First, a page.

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FDA Allows Human Tests of Love Drug
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San Diego Union-Tribune 
December 26, 1993
by Lynn Franey


LOS ANGELES -- Club goers dub it the love drug.
College students call it the hug drug. Federal
regulators label it downright dangerous.
  It's widely known as Ecstasy, a cousin to
hallucinogens and amphetamines that is said to 
enhance emotional well-being. Banned by the Food
and Drug Administration in 1985, it has since been
linked to a dozen deaths and was blamed for more 
than 200 emergency room visits last year. Tests on 
animals have shown it may damage nerve cells.
  But a researcher at Harbor-UCLA Medical Center
says there could be an upside to Ecstasy, whose
chemical name is 3,4-methylenedioxymethamphetamine
(MDMA for short).
  Charles Grob, a psychiatrist, has secured first-
ever FDA approval for human trials of the drug.
  The experiments are designed to lead to tests of
Ecstasy as a possible painkiller for the terminally
ill and for use in psychotherapy.
  "Hundreds of thousands of young people have taken 
it," Grob said. "But we know very little about it.
There's lots of talk about potential dangers, but 
we want to explore it extensively."
  Few in the scientific community are enthusiastic
about MDMA's potential benefits. Many likened advo-
cates of its therapeutic attributes to 1960s
boosters of LSD.
  "When LSD was first discovered, that same view of 
therapeutic use was popular but it turned out to be
completely wrong," said Dr. Stephen Stahl, an LSD
expert in the UCSD School of Medicine's Psychiatry
Department.
  Nevertheless, even researchers who have found 
harmful results in MDMA animal trials say they 
approve of Grob's initial study. They say much needs
to be learned about what MDMA does to the human      
brain and heart, and that it isn't impossible the
drug may have some treatment value.
  "We need to get rid of the drug-war mentality and 
see that all drugs aren't all evil," said Dr. David
Nichols, a Purdue University researcher who tested
MDMA on rats in the early 1980s.
  MDMA was discovered quietly in Europe about 80 
years ago, surfaced in Berkeley in the 1970s and hit
the nightclub scene in the past decade. It remains 
popular at "rave" parties in big cities, including
Los Angeles and San Diego, and among college students.
  Grob said the FDA approved his testing proposal after 
years of turning down similar ones. In the study's first 
phase, he will give Ecstasy to six health professionals
who have previously used MDMA on their own. He'll moni-
tor their sleep patterns, conduct brain scans and per-
form a variety of other medical tests.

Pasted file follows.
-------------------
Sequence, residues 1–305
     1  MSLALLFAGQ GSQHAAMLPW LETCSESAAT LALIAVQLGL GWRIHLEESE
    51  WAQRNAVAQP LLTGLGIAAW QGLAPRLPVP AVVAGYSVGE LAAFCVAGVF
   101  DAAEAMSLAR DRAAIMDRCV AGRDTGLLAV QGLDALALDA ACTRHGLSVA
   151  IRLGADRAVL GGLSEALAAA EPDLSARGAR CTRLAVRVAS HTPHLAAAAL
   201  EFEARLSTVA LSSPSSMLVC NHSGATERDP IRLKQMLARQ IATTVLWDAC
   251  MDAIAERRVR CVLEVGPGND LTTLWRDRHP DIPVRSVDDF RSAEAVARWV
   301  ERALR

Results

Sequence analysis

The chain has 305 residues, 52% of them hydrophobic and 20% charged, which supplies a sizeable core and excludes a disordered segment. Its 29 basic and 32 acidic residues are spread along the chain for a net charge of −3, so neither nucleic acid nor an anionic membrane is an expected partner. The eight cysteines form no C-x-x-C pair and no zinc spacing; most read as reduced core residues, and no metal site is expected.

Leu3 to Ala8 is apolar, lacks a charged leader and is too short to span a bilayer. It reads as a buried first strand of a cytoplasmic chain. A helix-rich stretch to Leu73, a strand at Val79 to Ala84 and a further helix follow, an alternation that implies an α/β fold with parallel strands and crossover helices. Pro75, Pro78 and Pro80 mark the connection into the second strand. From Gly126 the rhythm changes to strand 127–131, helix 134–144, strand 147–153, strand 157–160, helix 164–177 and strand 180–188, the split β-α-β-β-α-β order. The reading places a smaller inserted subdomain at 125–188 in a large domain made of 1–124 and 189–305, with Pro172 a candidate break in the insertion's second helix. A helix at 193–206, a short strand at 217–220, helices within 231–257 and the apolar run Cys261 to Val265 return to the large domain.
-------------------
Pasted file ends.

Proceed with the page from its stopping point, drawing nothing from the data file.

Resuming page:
He said he hopes to dispel some of the rumors about 
MDMA heard on dance floors and campuses. These include
whispered reports that it drains spinal fluid and acts
temporarily as an aphrodisiac, only to cause longer-term
impotence.
  The second part of Grob's trials, which has yet to win
FDA approval, will seek to determine whether Ecstasy
eases pain in terminal cancer patients and helps them, 
as a therapeutic agent, cope with the knowledge that 
they are going to die.
  Grob says those applications are "way, way down the
line. That's putting the cart before the horse."
  But Rick Doblin, an unabashed proponent of psychedelic 
drugs, said he hopes Grob's study will open the door to
MDMA's use in treating people who suffer mental illnesses,
are recovering from traumatic events, or just struggling
with a marriage.
  "I think MDMA has a significant place in the future of
psychiatry and then in a liberalized world where adults
have free choice for these kinds of experiences," Doblin
said from his North Carolina office of the Multidiscipli-
nary Association for Psychedelic Studies, a group he
founded.
  MDMA was already popular among psychotherapists when the 
government outlawed it. Advocates say it allows people to
lower psychological barriers between themselves and others
and become less hostile.
  College-aged people have more-prosaic uses for the drug.
They often take it alone to dance all night or, in a highly
dangerous practice, mix it with LSD, marijuana and alcohol.
  Ecstasy users say that since 1985, the drug's quality has
gone down and its price up -- to $20 or more per capsule.
  The Drug Enforcement Administration has blamed MDMA for
12 deaths in the United States, most stemming from heart
failure and accidents. In one case, an Ecstasy user tried to
climb a live electrical wire.
  Deaths also have been reported at rave parties in England.
Grob said those fatalities probably resulted in part from a
lack of oxygen and water in the clubs. Some raves charge as
much for water as for alcohol, and turn off the taps in the
bathrooms. Dancers experiencing Ecstasy's hours-long euphoria
can become dehydrated and fall into seizures, he added.
  Last year, 236 people were rushed to American emergency
rooms because of bad reactions to Ecstasy.

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 All-in-all, a fairly decent article from one of the most right-wing
 rags to 'grace' our street corners.
 My main problem is with this so-called LSD 'expert' - but at least 
 they didn't dwell on him as this paper normally would. If this doctor
 is at the UCSD here in San Diego (I suspect he is), i may be able to 
 get further clarification from him.
 Anyone ever heard of this 'Multidisciplinary Association for Psychedelic
 Studies' before? If anyone has their address, I for one would love to 
 get in touch with them.
 
back beneath the waves
                        D o l p h i n R e x
/s\